ASIC's new money lessons for Gen Z
Financial literacy is taking on a new vocabulary and it's aimed at the audience most easily persuaded by finfluencers: the TikTok generation.
The Australian Securities and Investments Commission (ASIC) has launched a new financial literacy campaign on its Moneysmart website to teach young Australians about money, with step-by-step guides on budgeting, savings, paying off debt, managing on a casual income, and coping with the cost-of-living crisis.
With it, the usually serious Commission is making a very Gen Z-centric pitch: in the time it takes to pick your OOTD (outfit of the day), you can find ways to pay off debt.
Money lessons in minutes
ASIC's move was prompted by alarming new research.
It found that more than 40% of Gen Z said they didn't know where to start when it came to managing their finances.
A third reported not knowing who to trust when it came to financial information.
"Gen Zs are driven to learn more and improve their finances but there's a clear need to engage and help them feel more confident about money," says ASIC chief executive officer Warren Day.
"We want to show them that it doesn't take a lot of time to make a start with small steps that will make big differences long term."
Educating the finfluencers
Gen Z is twice as likely as any other generation to turn to social media to learn how to manage money, the ASIC research revealed.
Fox and Hare financial advisor Trish Gregory, who shares money lessons on her TikTok account @chickenfinance5, says the new ASIC campaign could help improve the financial literacy of finfluencers who will then share the knowledge with their audiences.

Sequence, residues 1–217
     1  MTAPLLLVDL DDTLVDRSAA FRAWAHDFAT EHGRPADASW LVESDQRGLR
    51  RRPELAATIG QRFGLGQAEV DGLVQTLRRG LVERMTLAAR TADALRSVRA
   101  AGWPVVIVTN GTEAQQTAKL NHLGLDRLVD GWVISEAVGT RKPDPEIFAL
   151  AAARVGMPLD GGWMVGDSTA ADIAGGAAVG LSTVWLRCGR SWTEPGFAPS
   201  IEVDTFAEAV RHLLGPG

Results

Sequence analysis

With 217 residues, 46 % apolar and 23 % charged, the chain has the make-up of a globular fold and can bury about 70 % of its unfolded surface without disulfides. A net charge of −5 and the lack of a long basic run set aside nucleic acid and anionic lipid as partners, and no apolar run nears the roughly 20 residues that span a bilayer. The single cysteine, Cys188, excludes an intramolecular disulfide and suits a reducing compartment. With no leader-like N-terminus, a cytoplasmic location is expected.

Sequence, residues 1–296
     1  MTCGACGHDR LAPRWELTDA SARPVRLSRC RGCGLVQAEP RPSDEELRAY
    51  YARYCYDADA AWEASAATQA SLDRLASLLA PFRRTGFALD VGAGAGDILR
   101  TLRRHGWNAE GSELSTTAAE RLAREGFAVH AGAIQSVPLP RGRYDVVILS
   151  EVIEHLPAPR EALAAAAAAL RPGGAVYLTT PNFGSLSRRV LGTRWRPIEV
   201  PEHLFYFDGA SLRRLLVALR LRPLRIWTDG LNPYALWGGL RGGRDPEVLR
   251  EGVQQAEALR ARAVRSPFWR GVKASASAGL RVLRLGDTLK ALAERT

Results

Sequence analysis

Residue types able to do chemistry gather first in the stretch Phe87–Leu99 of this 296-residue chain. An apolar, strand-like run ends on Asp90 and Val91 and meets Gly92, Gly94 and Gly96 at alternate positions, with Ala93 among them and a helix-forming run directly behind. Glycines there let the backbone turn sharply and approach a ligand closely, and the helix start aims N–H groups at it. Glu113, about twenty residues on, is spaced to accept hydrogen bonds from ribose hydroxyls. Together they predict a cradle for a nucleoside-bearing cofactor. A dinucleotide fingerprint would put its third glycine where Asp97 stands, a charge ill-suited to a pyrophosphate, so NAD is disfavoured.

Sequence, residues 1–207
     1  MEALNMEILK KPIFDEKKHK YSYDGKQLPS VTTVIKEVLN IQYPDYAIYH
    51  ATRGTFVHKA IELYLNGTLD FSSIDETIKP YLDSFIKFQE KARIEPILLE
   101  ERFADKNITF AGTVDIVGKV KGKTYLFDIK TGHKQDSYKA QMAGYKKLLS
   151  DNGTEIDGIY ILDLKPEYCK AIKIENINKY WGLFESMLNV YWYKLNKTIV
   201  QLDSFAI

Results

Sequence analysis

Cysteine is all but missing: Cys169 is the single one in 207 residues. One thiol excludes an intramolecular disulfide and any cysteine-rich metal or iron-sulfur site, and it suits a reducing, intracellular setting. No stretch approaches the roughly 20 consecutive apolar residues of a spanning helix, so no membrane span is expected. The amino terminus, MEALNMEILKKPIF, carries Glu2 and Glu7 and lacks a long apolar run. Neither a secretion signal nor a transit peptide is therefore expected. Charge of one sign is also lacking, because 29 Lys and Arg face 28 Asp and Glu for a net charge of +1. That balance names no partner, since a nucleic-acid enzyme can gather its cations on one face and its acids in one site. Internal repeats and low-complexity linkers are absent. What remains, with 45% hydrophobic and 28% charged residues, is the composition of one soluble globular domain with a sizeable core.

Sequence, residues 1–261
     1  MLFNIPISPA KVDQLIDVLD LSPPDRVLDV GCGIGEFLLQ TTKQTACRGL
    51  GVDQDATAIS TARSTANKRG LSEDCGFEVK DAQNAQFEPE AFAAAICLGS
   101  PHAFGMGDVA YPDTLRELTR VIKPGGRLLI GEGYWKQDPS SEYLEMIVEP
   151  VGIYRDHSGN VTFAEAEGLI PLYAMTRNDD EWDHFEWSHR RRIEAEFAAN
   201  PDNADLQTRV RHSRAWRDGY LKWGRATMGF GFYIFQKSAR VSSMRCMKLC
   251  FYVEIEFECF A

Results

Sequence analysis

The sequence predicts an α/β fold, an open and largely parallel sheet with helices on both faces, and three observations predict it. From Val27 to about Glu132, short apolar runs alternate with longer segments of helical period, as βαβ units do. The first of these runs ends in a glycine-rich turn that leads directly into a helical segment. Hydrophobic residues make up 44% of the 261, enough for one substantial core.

"If finfluencers can access that information and then teach it to other people in their language, in their style, in a way that's engaging, that can really explode the reach of this information," she told Money.
"A lot of people forget that getting the basics right can have a huge impact on your future."
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Gen Z and money
Gregory says the notion that Gen Z isn't interested in financial literacy is a myth.
"They do want that information but it is certainly a challenge sometimes to get the right information in front of the right people at the right time," she says.
"A lot of [Gen Z] are seeing their parents coming into their 50s and 60s and beyond, and realising that either their parents did really well or they're seeing all the mistakes their parents made throughout their lives and the education their parents didn't have."
The ASIC research paints a grim picture of Gen Z's financial health, with one in four Gen Z having less than $1000 in savings, and one in five having $10,000 or more in personal debt.
"The Gen Z and the Millennials who are coming to us want to know how they can make their money work harder," Gregory says.
"One of the big things they talk about is freedom, and financial education and financial knowledge is vital to getting that freedom."
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